Lobbyists from the nonwoven fabrics industry are eyeing a D.C. law that requires companies selling wet wipes in the district either prove that they are genuinely flushable or else make clear on the packaging that they cannot be flushed.
While “flushable” wet wipes are a popular alternative to traditional toilet tissue, it can also wreak havoc on the both private and public septic systems, clogging pump chambers. For the one-quarter of homes that currently have a septic system, the results are quickly apparent. In a city like D.C., the damage caused by the flushable wipes can be less obvious but no less destructive.
“Every one of those [flushable] wipes weave like dreadlocks and those dreadlocks weave together,” Timothy Drumm said to the Berkshire Eagle. “And it keeps growing.”
Drumm, who is the Wastewater Superintendent for Great Barrington, Massachusetts has also been dealing with issues from the wet wipes. In fact, it costs local taxpayers $143,000 a year simply to remove the wipes, which have congealed and obstruct important elements of the pump. Once these wipes have been collected, they must be transported to the dump.
The D.C. law seeks to avoid similar problems by requiring all companies selling the wipes to prove that they quickly deteriorate and sink in water, or else repackage the items in order to make it clear for consumers that the product is not flushable.
Another provision that might prove to be just as contentious requires wipes be free of plastic. Plastics is the third-largest manufacturing industry in the United States and its lobbying arm is strong, as we learned when California attempted to implement a ban on plastic bags.
In that case, lobbyists were able to delay the law with an 800,000 name petition, requiring the bill to be voted on during the 2016 referendum election. It was later passed with 53.27% of the vote.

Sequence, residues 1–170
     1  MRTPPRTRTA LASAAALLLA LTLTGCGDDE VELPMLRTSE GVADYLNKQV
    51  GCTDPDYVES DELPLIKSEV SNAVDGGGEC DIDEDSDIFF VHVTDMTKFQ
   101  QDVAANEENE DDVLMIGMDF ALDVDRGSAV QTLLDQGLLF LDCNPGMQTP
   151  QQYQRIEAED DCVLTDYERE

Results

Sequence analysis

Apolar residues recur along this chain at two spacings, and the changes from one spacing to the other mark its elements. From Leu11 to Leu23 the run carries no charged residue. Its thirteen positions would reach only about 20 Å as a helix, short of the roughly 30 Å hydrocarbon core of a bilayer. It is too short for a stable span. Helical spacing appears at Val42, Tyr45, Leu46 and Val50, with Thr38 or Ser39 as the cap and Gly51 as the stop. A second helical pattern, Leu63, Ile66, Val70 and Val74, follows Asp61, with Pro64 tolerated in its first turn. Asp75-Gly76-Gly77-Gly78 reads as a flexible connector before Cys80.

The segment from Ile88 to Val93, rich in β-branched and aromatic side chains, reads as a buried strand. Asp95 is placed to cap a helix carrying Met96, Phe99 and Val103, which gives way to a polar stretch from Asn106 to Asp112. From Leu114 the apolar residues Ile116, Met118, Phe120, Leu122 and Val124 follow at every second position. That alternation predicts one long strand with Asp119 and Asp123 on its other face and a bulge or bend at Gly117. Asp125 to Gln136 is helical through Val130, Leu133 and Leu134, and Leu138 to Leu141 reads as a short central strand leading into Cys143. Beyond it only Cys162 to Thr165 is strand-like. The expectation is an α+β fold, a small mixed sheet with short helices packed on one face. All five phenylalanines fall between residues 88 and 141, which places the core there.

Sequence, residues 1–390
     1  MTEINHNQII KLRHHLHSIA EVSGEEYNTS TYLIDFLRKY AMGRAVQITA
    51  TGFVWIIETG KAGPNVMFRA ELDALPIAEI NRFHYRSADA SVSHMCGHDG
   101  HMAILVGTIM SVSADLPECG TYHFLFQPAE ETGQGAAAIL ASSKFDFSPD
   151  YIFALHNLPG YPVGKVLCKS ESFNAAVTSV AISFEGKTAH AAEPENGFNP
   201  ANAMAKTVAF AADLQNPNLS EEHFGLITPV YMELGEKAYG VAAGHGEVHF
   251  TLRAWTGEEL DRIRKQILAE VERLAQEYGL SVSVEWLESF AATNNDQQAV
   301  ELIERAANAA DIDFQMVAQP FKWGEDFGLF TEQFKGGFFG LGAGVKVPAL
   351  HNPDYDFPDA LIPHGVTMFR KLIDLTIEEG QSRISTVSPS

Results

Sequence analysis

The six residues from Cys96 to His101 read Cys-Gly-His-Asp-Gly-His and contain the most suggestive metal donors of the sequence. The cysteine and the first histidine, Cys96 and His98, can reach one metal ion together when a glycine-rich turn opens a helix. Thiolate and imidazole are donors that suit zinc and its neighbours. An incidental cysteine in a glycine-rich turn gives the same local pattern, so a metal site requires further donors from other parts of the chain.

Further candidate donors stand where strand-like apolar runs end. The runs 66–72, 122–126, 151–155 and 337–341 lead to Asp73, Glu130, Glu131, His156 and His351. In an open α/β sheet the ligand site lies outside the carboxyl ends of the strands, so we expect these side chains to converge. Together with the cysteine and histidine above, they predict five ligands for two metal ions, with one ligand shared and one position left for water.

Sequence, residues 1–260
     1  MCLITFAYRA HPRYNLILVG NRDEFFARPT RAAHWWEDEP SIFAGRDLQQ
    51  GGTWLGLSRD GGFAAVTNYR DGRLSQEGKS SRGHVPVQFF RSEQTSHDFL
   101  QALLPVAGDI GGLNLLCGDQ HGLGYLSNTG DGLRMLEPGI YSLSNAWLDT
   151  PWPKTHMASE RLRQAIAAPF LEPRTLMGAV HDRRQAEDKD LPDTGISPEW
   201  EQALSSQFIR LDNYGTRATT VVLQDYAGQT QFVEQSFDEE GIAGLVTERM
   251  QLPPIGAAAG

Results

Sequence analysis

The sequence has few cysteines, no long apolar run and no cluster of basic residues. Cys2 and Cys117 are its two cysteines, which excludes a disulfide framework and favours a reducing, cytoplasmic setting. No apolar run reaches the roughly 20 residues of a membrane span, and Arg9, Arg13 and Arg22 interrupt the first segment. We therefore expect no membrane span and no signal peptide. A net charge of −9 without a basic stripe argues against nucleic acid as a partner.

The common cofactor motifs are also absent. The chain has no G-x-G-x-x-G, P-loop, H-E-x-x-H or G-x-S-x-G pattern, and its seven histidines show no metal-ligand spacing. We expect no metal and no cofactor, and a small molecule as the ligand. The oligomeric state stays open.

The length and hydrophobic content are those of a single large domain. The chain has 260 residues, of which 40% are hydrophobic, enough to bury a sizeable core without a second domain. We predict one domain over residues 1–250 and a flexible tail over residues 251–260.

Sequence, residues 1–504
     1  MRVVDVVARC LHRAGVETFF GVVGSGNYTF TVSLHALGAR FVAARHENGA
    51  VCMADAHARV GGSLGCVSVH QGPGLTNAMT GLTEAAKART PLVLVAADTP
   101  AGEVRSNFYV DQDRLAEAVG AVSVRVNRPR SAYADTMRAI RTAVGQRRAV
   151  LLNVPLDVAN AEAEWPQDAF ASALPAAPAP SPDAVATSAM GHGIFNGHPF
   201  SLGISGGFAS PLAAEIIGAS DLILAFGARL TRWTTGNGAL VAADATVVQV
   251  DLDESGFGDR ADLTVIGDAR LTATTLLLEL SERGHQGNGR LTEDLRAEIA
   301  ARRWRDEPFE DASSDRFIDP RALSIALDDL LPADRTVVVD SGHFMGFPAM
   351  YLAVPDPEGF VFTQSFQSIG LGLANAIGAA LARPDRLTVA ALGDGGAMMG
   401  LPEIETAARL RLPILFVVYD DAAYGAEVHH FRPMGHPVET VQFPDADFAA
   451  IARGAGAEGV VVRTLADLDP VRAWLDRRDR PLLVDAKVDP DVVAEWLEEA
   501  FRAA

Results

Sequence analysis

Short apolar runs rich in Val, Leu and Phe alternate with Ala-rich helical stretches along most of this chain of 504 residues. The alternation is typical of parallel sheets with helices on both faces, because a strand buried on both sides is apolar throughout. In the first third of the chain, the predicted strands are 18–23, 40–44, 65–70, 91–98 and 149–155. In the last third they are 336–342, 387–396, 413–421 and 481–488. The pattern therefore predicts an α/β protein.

At the time, the efforts of lobbyists to obstruct the bill was seen as meddlesome. “This is a cynical ploy by out-of-state interests desperate to delay a ban already adopted in more than 100 communities across California,” a spokesperson for California Governor Jerry Brown said to the Associated Press at the time.
That is the same sentiment currently being expressed by Eleanor Holmes Norton, the non-voting Congress member from D.C., as lobbyists seek the help of the United States Congress to block the law recently passed by the District’s Council.
“This is a serious issue,” she said to the Washington Post, “but it’s hard not to laugh when a lobbyist group is trying to keep the Congress from taking action that would keep its own sewers and the sewers of the District of Columbia from being stopped up.”
No everyone shared her amusement. The Bill’s author, council member Mary M. Cheh, said, “This is a sneaky little backdoor way for these companies to frustrate the local decision by the people of the District of Columbia. They do it, which is really gross, at the behest of industry representatives.”
Whether or not it is gross, however, Congress stepping in on the legislative matters of D.C. is not an entirely new tactic. In fact, it has been used on many hot-button laws passed in D.C., including abortion subsidies for low-income women, assisted suicide, and marijuana distribution.
The lobbyists, however, say that their products are already acceptably flushable and that requiring additional testing and special packaging might cause them to pull their product from the shelves. In a meeting with one such lobbyist, Cheh decided to see whether or not their claims were accurate, placing the wipe in a bowl of water. It never dissolved.
When speaking about the lobbyist who she was speaking with at the time of the experiment, Cheh simply said, “I never heard from him again.”